There are those who believe that vintage racing isn’t really racing, that it is just a bunch of old, rich guys parading around in neat old cars. While that may be true with some organizations around the world, there are others where real racing takes place. The most hard core of the scene seem to be the folks at the various Goodwood events, where drivers push themselves and their cars to the absolute limits. Naturally, there are occasions where the talent level is less than world class, but you get my point. The Goodwood gang drive the wheels off their machines and quite frequently that means carnage.
At this year’s Members’ Meeting, the 74th running of the event, the concept of old cars on a circuit where safety is more 1967 than 2016 very nearly became a tragedy.
During the Brooks Trophy race for 2.5 litre front and rear engined Grand prix cars, a 1961 Lotus-Climax 18, driven by its owner, Stephen Bond was clobbered by another car driven by Richard Wilson, who was spinning out of control. Bond’s car rolled a couple of times before digging into the earth and being tossed skyward. The car hit a couple of times before disappearing out of sight. The car landed on a pedestrian walkway that leads to a tunnel. It was the first race of the meet and miraculously there were no spectators using the walkway at the time.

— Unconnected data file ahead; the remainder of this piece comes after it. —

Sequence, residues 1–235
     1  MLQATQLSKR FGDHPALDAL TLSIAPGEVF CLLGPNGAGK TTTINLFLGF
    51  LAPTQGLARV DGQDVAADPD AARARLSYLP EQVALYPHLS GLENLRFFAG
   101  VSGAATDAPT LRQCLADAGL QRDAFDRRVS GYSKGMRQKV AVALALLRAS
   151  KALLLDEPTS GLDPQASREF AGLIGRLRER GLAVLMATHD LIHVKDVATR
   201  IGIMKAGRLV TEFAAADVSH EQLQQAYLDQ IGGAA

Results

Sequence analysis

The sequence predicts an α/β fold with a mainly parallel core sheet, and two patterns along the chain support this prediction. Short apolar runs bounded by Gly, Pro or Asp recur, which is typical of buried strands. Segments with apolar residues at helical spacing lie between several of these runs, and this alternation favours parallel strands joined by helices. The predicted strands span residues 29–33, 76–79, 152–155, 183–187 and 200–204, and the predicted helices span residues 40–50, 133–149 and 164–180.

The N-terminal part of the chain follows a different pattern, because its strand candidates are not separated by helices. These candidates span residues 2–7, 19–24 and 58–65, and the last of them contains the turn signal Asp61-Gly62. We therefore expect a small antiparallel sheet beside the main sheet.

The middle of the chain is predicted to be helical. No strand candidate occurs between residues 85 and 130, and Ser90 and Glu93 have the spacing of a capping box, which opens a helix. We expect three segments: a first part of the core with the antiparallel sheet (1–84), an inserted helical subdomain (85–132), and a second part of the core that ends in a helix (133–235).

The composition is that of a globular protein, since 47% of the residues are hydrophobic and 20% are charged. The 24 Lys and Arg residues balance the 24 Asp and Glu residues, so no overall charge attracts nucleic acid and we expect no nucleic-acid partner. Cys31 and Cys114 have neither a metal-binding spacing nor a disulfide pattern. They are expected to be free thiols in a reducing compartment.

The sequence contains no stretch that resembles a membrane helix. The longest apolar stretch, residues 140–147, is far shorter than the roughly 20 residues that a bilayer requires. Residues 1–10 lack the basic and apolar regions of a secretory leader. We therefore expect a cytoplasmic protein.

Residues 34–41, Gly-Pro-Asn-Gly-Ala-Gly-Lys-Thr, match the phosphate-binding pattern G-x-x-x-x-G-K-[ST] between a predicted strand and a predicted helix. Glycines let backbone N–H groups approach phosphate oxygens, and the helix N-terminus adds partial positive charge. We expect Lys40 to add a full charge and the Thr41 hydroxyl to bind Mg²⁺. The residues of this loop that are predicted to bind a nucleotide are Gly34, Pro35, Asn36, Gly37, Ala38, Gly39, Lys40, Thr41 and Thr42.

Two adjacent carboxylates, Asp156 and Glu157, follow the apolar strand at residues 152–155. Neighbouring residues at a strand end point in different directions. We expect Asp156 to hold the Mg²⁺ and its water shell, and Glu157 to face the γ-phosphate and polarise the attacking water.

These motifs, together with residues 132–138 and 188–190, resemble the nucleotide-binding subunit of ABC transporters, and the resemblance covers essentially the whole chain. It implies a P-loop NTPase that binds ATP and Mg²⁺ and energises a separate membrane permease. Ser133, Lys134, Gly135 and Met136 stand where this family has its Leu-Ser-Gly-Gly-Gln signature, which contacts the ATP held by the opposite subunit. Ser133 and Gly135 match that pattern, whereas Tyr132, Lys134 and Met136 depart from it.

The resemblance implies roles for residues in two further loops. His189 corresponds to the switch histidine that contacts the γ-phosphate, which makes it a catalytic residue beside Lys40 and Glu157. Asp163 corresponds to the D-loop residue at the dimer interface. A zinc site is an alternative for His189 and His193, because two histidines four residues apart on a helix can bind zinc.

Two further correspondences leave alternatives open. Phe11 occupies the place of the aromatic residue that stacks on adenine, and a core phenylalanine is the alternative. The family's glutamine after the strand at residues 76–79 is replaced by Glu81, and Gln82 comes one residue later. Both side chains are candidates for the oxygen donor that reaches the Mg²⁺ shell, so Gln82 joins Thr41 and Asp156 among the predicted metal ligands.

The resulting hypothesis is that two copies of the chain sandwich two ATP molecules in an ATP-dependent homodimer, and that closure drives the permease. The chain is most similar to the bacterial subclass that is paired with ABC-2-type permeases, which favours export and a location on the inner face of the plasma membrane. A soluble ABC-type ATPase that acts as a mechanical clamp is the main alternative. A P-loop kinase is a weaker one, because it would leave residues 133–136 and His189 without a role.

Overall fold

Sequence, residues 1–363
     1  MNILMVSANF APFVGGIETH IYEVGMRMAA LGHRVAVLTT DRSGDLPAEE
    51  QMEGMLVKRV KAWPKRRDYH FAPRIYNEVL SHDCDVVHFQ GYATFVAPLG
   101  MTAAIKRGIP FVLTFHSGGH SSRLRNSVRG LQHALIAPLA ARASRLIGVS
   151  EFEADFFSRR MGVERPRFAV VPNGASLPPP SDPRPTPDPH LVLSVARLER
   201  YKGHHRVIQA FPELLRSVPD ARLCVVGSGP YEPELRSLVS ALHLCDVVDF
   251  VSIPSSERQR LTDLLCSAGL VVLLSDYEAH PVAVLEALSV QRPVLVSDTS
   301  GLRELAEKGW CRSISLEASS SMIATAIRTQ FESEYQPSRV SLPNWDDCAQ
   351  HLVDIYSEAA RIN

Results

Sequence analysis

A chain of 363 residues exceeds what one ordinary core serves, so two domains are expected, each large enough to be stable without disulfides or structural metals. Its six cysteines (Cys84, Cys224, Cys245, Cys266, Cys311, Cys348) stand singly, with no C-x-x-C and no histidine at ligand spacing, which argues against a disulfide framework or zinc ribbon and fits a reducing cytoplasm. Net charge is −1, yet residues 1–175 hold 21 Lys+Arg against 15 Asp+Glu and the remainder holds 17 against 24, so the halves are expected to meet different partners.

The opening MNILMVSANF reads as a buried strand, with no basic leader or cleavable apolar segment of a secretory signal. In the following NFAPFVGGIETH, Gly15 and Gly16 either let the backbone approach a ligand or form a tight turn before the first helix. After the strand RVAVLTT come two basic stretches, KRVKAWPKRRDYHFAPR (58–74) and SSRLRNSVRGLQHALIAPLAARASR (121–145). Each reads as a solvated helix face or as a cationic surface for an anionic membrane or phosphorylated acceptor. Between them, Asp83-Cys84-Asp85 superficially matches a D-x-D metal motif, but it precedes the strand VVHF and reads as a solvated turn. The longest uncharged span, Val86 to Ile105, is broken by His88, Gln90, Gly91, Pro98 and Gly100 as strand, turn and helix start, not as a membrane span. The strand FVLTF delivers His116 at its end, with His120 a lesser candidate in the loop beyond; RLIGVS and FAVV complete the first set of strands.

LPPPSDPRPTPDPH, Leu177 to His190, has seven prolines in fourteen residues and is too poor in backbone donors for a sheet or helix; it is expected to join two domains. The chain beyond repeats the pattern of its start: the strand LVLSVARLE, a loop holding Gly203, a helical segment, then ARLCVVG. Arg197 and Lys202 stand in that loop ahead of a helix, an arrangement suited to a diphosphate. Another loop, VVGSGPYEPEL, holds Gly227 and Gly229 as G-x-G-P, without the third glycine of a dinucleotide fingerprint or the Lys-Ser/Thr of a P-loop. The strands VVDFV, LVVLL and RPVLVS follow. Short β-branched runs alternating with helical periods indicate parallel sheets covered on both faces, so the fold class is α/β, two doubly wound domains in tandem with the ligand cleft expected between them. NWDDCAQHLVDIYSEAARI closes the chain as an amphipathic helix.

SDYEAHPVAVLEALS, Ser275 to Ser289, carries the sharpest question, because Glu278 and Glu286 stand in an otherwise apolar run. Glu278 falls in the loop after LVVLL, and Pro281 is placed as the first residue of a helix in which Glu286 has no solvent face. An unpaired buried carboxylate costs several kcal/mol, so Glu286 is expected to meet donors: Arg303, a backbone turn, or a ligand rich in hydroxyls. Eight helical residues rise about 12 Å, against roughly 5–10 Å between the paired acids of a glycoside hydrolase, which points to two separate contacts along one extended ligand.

Even more astonishing is that Bond only suffered a broken collarbone.